As for “Sucker,” Kenney had this to say: “When I lived in Durham, I found myself sitting in the sun on the porch with a musical hero of mine, who was worried about losing their healthcare and not being able to afford to tour. It blew my mind and broke my heart that such a genius had to struggle with uncertainty in trying to make their art. I wrote ‘Sucker’ when I realized that all of us continue to make art, and fall in love, and attempt things that logically could fall apart at any moment, but we are fools for the game and keep producing, keep pursuing. I asked Kurt Wagner to sing on the track because I feel like he is consistently brave in his songwriting (and I’m a HUGE Lambchop fan). When he sent me the stems, I drank a martini and cried.”

Of the “Sucker” video she had this to say: “I’m a huge fan of con-movies; my favorite film is Paper Moon. I wanted to direct a video that put me as the con-man, whose existence relies on making suckers out of passers-by; but ended with me being the biggest loser of all. I lucked out when my favourite Oakland diner, Lois the Pie Queen, let us film on location.”

“Sucker” is the first single taken from Madeline Kenney’s forthcoming album, “Sucker’s Lunch,” out July 31st.

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Wye Oak’s special Join tour, which begins next week, will see the duo expand to a quintet and perform music across not only their catalog but songs from Andy Stack’s and Jenn Wasner’s respective solo projects, Joyero and Flock of Dimes. The Wye Oak Join band will include Buke and Gase’s Arone Dyer, Landlady’s Adam Schatz, and Pinson Chanselle from Richmond’s Spacebomb collective, all accomplished multi-instrumentalists in their own regard.

Adam Schatz leads the band Landlady and produces records out of his Ditmas Park studio The Chamber of Commerce. Whenever able and not too hungry or tired, he’s playing assorted instruments with the likes of Sylvan Esso, Japanese Breakfast, Hand Habits, This Is The Kit & others.

 “Walk Soft” delves into trepidation and risk. When I was younger I used to work at a stable taking care of horses. I thought they were the most beautiful animals on earth, and seemingly so gentle, so it took me a while to learn that they could also be dangerous, if only because they were so much bigger than I was. Love is like this, too—the bigger it feels, the more power it holds. True beauty should be frightening.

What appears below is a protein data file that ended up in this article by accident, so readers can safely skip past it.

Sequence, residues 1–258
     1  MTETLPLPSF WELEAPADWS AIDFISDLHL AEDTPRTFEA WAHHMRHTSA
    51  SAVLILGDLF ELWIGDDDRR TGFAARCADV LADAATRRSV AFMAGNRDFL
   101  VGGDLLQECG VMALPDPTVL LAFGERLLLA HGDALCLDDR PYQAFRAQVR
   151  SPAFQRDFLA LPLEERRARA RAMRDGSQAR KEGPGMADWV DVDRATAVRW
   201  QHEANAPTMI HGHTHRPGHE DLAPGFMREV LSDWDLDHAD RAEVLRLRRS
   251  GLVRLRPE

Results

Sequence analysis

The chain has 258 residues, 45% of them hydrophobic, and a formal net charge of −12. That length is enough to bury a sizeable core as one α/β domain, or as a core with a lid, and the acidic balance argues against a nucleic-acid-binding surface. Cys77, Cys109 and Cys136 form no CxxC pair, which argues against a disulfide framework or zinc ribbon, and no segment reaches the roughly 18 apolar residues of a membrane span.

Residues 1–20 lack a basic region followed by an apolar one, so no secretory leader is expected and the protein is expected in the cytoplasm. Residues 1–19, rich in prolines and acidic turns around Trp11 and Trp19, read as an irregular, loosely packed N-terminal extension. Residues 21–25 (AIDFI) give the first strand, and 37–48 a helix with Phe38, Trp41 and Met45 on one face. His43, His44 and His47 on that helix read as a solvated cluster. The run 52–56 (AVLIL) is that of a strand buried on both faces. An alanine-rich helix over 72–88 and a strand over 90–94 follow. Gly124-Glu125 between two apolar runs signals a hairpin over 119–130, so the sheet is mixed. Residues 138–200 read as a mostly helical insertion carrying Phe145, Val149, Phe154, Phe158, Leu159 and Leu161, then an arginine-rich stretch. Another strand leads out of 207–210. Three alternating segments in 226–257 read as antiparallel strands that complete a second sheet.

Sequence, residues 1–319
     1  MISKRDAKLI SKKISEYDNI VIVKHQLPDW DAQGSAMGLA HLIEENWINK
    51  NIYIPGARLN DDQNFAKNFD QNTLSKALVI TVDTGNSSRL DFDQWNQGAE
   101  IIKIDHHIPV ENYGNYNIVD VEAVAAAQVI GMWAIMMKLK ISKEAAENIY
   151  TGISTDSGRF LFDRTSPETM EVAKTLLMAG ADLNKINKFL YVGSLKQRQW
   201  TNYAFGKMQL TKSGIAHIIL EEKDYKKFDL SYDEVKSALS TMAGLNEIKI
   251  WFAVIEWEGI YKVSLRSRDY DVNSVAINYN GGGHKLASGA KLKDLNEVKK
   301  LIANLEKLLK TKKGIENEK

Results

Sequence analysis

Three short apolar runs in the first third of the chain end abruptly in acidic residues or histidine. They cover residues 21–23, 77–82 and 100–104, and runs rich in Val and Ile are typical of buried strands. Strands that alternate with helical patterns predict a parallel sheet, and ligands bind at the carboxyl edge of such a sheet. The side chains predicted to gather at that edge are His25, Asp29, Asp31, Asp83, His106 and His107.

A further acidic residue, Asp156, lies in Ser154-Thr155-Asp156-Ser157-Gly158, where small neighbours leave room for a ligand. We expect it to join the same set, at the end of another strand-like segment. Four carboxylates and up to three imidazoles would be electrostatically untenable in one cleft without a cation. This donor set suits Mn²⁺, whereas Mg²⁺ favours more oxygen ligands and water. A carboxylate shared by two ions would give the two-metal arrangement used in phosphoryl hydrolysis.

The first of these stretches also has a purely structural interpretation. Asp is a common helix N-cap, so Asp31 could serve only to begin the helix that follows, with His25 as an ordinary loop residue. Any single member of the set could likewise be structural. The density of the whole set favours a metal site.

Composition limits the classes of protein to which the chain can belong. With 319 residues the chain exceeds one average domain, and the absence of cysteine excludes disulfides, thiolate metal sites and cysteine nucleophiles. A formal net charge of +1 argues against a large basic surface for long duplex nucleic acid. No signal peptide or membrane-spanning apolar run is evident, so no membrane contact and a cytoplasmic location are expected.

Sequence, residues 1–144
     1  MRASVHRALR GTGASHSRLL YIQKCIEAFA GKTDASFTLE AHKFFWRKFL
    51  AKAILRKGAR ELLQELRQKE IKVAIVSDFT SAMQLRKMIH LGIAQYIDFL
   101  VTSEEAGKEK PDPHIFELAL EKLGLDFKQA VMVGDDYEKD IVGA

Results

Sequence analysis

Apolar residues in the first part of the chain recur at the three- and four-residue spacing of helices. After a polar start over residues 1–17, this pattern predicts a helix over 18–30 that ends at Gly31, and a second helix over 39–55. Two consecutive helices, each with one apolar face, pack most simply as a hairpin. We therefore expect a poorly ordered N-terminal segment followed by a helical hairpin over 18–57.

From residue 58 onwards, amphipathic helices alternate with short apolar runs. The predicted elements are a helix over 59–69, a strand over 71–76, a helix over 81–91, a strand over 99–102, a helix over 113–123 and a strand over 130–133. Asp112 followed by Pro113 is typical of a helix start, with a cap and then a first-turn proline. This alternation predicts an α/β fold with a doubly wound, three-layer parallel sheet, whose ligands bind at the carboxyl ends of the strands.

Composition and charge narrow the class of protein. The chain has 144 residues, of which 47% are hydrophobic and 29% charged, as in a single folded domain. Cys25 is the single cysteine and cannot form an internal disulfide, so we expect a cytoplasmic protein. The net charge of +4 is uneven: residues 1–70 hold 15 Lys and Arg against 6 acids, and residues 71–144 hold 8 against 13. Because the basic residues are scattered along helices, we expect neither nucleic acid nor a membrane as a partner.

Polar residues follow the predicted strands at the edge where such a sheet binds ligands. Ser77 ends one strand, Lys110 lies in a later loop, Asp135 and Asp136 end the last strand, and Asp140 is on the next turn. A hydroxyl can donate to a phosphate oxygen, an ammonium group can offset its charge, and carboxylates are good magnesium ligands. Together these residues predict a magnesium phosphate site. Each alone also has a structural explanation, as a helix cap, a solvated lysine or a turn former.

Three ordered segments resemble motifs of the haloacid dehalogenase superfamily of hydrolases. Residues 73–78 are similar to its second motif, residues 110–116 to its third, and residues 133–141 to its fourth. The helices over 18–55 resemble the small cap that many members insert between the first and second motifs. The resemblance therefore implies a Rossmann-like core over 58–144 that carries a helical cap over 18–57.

In anticipation of these exciting shows, Wye Oak is sharing a soaring new song titled “Walk Soft.” Lyrically, it picks up right where preceding standalone single “Fear of Heights” left off by asking a string of questions: “What is the view?/ Does it belong to you?/ Do you see the same blue as I think I do?” From there, themes of trepidation and risk are escalated by the band’s sonic prowess until a satisfying coda of closure is reached.

Also arriving today is a short documentary about the band featuring interviews with Wasner and Stack as they discuss their history, their dynamic as performers and collaborators, how that has been perceived by their audience over the years, and how their upcoming Join shows will differ from any previous Wye Oak performance.

In addition to our new single, there’s also a new Wye Oak mini-doc out today! In it, you can hear us talk about our history, explain our dynamic as performers and collaborators, and share a bit about what you can expect from our upcoming Join shows.

The Wye Oak JOIN singles are out now on Merge Records

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Wye Oak (Jenn Wasner and Andy Stack) have shared a brand new song, “Fear of Heights.” It follows “Fortune,” a new song they shared back in November . “Fear of Heights” is a bit more subdued than “Fortune” but soars on the strength of Wasner’s always sublime vocals.

Wasner had this to say about “Fear of Heights” in a press release: “This song’s central metaphor likens the deepening of a relationship to the feeling of ascending to the top of a very tall place. There’s something to be seen (or learned, or experienced) once you arrive, but for some there is also a fear that increases with every step upwards. You say it’s worth it for the view, but it’s impossible to know if that’s true until you get there to see it with your own eyes.”

For the first time since 2012, Wasner and Stack are now both living in the same city together, Durham, NC (home to their label Merge Records), which has allowed for renewed creativity and led to the band recording last summer. There’s no word yet on a new album.

Wye Oak released their last album, The Louder I Call, the Faster It Runs, back in April 2018 via Merge.  Since their last album, Stack launched his solo project, Joyero, releasing his debut album as Joyero, Release the Dogs, in August 2019 via Merge. Wasner, meanwhile, has been touring as part of Bon Iver’s band. A previous press release promised that the JOIN tour dates will feature an expanded live band and will find them not just performing Wye Oak songs, but also ones by Joyero and Wasner’s Flock of Dimes solo project.

The single, “Fear of Heights,” is out now on Merge Records.